Aircraft and Mobile Surface Measurements of Fugitive Methane Emissions from Southern California LandfillsProceedings of the 108th Annual Conference and Exhibition of the Air and Waste Management Association (2015)
Landfills are one of the largest anthropogenic and thus regulatable CH4 emission sources, yet remain poorly constrained, even for the United States, highlighting the need for new measurement technologies. To demonstrate and validate new remote sensing approaches to emission estimation, NASA and ESA (European Space Agency) sponsored the Carbon Dioxide and Methane EXperiment (COMEX) campaign, completed in summer 2014, to investigate strong greenhouse gases (GHG) – methane (CH4) and carbon dioxide (CO2) – in the San Joaquin Valley and Greater Los Angeles Area. Study foci included fossil fuel production and refining, animal husbandry, natural geologic sources, and landfills. COMEX combined airborne remote sensing with in situ airborne and mobile surface measurements. This Extended Abstract focuses on fugitive landfill gas measurements in the Greater Los Angeles Area.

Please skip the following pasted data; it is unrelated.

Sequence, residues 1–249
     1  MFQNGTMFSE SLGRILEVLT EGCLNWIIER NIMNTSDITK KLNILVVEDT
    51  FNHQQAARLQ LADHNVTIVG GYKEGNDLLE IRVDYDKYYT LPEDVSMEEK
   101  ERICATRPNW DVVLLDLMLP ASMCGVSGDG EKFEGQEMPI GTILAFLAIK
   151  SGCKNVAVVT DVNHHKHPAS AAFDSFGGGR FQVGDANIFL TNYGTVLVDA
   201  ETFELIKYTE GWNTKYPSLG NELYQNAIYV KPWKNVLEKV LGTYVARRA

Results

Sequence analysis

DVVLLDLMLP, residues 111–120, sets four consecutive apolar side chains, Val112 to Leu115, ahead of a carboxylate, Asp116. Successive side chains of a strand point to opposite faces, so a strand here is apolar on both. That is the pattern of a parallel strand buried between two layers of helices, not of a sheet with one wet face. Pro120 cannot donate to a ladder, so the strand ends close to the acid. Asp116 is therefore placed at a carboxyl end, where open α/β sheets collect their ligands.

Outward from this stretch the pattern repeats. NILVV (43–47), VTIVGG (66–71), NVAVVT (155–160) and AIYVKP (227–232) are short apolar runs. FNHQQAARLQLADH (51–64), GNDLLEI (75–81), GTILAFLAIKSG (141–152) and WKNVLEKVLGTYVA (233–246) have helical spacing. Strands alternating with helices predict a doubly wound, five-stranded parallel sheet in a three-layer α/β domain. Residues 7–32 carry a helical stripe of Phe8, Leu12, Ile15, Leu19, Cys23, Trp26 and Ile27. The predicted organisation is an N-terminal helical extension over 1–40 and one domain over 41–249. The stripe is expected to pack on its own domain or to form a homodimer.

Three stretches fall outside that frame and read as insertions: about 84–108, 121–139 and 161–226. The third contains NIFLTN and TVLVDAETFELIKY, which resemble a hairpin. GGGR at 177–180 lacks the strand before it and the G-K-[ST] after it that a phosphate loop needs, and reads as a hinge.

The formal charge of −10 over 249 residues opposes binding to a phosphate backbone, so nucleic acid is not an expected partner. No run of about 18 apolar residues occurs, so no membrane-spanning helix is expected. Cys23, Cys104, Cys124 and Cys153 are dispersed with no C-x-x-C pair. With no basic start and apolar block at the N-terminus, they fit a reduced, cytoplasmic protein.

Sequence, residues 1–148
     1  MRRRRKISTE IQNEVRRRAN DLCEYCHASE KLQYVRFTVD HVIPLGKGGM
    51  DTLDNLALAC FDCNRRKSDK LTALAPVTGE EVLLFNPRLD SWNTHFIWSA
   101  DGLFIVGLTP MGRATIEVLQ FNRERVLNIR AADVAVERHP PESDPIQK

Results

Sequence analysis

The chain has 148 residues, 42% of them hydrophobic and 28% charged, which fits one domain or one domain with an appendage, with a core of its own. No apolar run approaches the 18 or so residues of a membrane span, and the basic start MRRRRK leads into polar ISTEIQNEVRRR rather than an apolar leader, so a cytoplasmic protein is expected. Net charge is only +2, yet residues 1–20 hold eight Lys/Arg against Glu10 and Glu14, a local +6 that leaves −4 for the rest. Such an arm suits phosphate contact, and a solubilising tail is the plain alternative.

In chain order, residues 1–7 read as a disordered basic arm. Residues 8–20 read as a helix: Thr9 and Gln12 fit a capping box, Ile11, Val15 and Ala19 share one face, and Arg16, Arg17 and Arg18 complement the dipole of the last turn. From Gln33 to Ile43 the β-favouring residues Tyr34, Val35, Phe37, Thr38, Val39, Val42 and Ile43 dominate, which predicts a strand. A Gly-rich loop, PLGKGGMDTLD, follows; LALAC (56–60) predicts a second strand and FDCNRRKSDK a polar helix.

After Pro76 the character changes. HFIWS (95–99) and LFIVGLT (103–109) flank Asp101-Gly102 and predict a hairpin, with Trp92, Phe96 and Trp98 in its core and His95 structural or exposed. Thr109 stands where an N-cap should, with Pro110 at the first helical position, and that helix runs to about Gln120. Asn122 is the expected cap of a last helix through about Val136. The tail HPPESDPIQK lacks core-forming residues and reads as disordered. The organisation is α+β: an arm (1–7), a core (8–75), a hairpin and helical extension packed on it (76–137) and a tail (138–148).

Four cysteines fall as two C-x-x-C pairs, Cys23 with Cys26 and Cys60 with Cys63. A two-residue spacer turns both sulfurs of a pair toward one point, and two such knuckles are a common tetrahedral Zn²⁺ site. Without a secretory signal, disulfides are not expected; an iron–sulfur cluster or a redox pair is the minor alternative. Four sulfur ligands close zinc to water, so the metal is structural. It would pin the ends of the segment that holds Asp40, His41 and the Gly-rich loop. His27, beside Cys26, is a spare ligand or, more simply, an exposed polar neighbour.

A de Havilland Twin Otter aircraft operated by the Center for Interdisciplinary Remotely-Piloted Aircraft Studies (CIRPAS) of the Naval Postgraduate School (NPS) was utilized for airborne remote sensing and in situlandfill gas measurements. In situ ground surface data were collected by the AMOG (Automobile Greenhouse Gas) Surveyor vehicle developed and operated by Bubbleology Research International.
Publication DateSummer June 22, 2015
Citation InformationSamuel A. Vigil, Ira Leifer, Heinrich Bovensmann, Konstantin Gerilowski, et al.. "Aircraft and Mobile Surface Measurements of Fugitive Methane Emissions from Southern California Landfills" Proceedings of the 108th Annual Conference and Exhibition of the Air and Waste Management Association (2015)
Available at: http://works.bepress.com/svigil/35/